Turn up the stove heat to medium, adding bacon grease. When bacon grease begins to simmer, add the shredded potatoes. Stir to coat and then spread them evenly in the pan. Allow to cook for about 2 minutes, untouched. Add the bell pepper, salt, and black pepper. Stir once or twice, then flatten ingredients using the back of a spatula. Allow to cook untouched for 3 minutes. Stir, then cook for 2 more minutes.
Continue cooking until the potatoes are nice and brown. Stir in the chopped bacon and cook for 2 minutes. Remove skillet from the heat and flatten out the top of the hash using the back of a spatula. Using the back of a spoon, make 4 shallow indentations into the hash.
Crack an egg into each indentation. Top with shredded cheese. Transfer skillet to the oven and bake until the egg whites set, about 8 to 10 minutes. Season with salt and pepper to taste and top with the parsley. Serve.
3. Crispy Potato, Chorizo, and Green Chili Hash With Avocado and Eggs
This recipe from Serious Eats introduces a little spice to your hash. For the crispiest potatoes, grab some Russets, but know that they’re quick to fall apart. To preserve the shape while still getting a little crispness, rely on Yukon Golds. This recipe asks you to cook everything separately. It may seem like a waste of time, but it ensures that everything is perfectly cooked. Use Spanish chorizo, a cured pork sausage, rather than raw ground Mexican chorizo for this dish.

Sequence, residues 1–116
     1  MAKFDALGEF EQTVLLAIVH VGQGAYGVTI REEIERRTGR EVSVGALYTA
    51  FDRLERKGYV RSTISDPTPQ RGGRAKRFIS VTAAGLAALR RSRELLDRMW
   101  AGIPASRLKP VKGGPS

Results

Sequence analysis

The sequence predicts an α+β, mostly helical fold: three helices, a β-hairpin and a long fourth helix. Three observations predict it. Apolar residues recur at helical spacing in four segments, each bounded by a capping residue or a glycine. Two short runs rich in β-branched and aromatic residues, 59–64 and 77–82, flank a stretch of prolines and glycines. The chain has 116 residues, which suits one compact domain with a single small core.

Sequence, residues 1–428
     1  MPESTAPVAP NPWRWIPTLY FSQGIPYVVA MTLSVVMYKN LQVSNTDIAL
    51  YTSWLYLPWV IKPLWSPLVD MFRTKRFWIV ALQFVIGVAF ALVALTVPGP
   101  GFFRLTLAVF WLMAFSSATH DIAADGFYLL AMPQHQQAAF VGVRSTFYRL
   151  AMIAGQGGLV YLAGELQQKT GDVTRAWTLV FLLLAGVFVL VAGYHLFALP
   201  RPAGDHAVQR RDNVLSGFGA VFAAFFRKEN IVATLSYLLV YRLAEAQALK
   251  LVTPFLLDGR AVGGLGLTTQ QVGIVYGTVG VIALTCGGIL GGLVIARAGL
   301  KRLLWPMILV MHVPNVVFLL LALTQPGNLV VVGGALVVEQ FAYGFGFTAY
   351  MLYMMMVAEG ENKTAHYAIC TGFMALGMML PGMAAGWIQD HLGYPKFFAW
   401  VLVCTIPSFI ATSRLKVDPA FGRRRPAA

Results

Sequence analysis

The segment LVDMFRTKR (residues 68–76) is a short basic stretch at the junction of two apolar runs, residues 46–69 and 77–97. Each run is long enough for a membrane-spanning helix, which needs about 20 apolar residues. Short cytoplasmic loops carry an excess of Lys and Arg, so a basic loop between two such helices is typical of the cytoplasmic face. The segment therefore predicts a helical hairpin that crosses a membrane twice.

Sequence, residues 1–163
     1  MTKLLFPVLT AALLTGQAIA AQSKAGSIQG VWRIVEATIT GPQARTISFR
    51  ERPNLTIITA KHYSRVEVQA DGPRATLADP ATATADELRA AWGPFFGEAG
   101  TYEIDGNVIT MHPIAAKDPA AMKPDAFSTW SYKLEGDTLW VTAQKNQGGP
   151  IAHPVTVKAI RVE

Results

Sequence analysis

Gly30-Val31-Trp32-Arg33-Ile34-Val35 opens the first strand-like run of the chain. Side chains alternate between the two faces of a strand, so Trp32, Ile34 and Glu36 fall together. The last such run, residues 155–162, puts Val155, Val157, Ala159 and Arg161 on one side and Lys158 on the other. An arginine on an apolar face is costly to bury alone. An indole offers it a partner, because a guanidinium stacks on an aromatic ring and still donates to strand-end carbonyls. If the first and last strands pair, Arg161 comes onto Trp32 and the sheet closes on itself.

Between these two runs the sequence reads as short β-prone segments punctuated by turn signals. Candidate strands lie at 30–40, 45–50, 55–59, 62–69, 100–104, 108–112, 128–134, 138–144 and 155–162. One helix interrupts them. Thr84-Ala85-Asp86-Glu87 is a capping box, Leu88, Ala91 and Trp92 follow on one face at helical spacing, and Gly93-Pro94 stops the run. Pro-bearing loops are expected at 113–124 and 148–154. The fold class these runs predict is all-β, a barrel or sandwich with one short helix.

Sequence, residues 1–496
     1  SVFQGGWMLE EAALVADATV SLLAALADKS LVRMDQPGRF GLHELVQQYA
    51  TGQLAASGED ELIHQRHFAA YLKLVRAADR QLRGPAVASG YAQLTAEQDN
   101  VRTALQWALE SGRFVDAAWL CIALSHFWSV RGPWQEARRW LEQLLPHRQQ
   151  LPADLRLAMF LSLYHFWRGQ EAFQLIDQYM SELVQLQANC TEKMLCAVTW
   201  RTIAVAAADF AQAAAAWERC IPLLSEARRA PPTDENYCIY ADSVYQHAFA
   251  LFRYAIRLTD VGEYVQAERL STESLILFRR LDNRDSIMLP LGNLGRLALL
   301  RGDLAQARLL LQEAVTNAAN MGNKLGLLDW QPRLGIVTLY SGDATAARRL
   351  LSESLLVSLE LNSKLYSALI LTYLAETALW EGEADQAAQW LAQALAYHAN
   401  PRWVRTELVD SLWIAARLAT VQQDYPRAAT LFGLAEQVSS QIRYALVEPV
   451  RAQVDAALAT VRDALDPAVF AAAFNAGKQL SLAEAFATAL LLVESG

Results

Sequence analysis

- 1½ pounds potatoes, cut into ¾- to ½-inch dice
- 2 tablespoons distilled white vinegar
- Kosher salt
- 4 ounces Spanish chorizo, diced
- ¼ cup vegetable, canola, or olive oil, divided, plus more as needed
- ½ teaspoon ground cumin
- ¼ teaspoon ground paprika
- Freshly ground black pepper
- 6 scallions, white and light green parts cut into 1-inch lengths, greens sliced and reserved separately
- 1 poblano pepper, cut into ½-inch dice
- 4 eggs
- ¼ cup roughly chopped fresh cilantro leaves
- ½ small avocado diced
- ½ cup homemade or store-bought salsa verde for serving, optional
- 12 warm corn tortillas for serving, optional
Directions: Preheat oven to 375 degrees Fahrenheit. In a large saucepan, place potatoes and cover with 2 quarts cold water. Add vinegar and 2 tablespoons kosher salt. Bring to a boil. Once boiling, reduce to a simmer and cook until barely tender, about 5 minutes after coming to a boil. Drain potatoes in a colander and let drain for 2 minutes.
In a cast-iron skillet, place chorizo chunks and place over medium heat. Cook, stirring, until chorizo is crisp and fat has rendered out, about 10 minutes total. Remove chorizo with a slotted spoon to a large bowl, leaving fat in skillet. Set chorizo aside.
When potatoes are drained, add 3 tablespoons oil to skillet and heat over medium-high heat. Add drained potatoes and cook, stirring and tossing occasionally, until potatoes are deep brown and crisp on all sides, about 20 minutes total. Add cumin and paprika and cook, stirring, until fragrant, about 30 seconds. Season to taste with salt and pepper. Transfer potatoes to bowl with chorizo and set aside.
Add remaining tablespoon oil to skillet and heat over high heat until shimmering. Add scallion whites and light greens and poblano and cook, stirring occasionally, until charred, about 2 minutes. Season to taste with salt and pepper; transfer to bowl with potatoes and chorizo. Toss contents of bowl and return to skillet. Make 4 wells in potato mixture.